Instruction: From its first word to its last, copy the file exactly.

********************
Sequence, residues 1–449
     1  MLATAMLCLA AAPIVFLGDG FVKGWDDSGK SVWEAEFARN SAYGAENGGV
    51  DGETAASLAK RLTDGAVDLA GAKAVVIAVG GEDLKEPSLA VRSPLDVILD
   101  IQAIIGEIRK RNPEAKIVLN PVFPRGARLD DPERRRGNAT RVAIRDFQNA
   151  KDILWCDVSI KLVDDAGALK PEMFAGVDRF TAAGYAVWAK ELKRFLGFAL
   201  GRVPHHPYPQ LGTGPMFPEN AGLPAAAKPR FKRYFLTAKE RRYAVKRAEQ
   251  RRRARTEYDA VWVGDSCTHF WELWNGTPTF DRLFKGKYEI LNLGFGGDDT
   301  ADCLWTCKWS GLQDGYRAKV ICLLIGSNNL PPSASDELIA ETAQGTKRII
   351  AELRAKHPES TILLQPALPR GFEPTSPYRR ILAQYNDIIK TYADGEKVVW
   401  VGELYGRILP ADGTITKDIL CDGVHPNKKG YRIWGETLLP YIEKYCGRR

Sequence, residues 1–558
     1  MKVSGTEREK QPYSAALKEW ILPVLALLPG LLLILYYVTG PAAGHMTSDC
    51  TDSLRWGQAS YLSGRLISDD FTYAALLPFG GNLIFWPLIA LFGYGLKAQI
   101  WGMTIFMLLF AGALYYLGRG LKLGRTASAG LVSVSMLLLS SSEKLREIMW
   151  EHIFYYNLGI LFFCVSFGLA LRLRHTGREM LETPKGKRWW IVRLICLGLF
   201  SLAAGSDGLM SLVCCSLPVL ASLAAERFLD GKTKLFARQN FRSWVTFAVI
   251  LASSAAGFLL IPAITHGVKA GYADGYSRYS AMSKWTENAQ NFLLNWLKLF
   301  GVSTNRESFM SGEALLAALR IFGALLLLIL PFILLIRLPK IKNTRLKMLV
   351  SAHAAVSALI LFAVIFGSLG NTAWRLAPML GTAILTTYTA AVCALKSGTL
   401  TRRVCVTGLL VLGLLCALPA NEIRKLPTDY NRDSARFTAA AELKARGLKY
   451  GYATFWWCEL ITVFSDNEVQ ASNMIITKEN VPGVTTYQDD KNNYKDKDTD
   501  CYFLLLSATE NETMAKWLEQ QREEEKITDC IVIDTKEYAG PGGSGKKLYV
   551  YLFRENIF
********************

Sequence, residues 1–449
     1  MLATAMLCLA AAPIVFLGDG FVKGWDDSGK SVWEAEFARN SAYGAENGGV
    51  DGETAASLAK RLTDGAVDLA GAKAVVIAVG GEDLKEPSLA VRSPLDVILD
   101  IQAIIGEIRK RNPEAKIVLN PVFPRGARLD DPERRRGNAT RVAIRDFQNA
   151  KDILWCDVSI KLVDDAGALK PEMFAGVDRF TAAGYAVWAK ELKRFLGFAL
   201  GRVPHHPYPQ LGTGPMFPEN AGLPAAAKPR FKRYFLTAKE RRYAVKRAEQ
   251  RRRARTEYDA VWVGDSCTHF WELWNGTPTF DRLFKGKYEI LNLGFGGDDT
   301  ADCLWTCKWS GLQDGYRAKV ICLLIGSNNL PPSASDELIA ETAQGTKRII
   351  AELRAKHPES TILLQPALPR GFEPTSPYRR ILAQYNDIIK TYADGEKVVW
   401  VGELYGRILP ADGTITKDIL CDGVHPNKKG YRIWGETLLP YIEKYCGRR

Sequence, residues 1–558
     1  MKVSGTEREK QPYSAALKEW ILPVLALLPG LLLILYYVTG PAAGHMTSDC
    51  TDSLRWGQAS YLSGRLISDD FTYAALLPFG GNLIFWPLIA LFGYGLKAQI
   101  WGMTIFMLLF AGALYYLGRG LKLGRTASAG LVSVSMLLLS SSEKLREIMW
   151  EHIFYYNLGI LFFCVSFGLA LRLRHTGREM LETPKGKRWW IVRLICLGLF
   201  SLAAGSDGLM SLVCCSLPVL ASLAAERFLD GKTKLFARQN FRSWVTFAVI
   251  LASSAAGFLL IPAITHGVKA GYADGYSRYS AMSKWTENAQ NFLLNWLKLF
   301  GVSTNRESFM SGEALLAALR IFGALLLLIL PFILLIRLPK IKNTRLKMLV
   351  SAHAAVSALI LFAVIFGSLG NTAWRLAPML GTAILTTYTA AVCALKSGTL
   401  TRRVCVTGLL VLGLLCALPA NEIRKLPTDY NRDSARFTAA AELKARGLKY
   451  GYATFWWCEL ITVFSDNEVQ ASNMIITKEN VPGVTTYQDD KNNYKDKDTD
   501  CYFLLLSATE NETMAKWLEQ QREEEKITDC IVIDTKEYAG PGGSGKKLYV
   551  YLFRENIF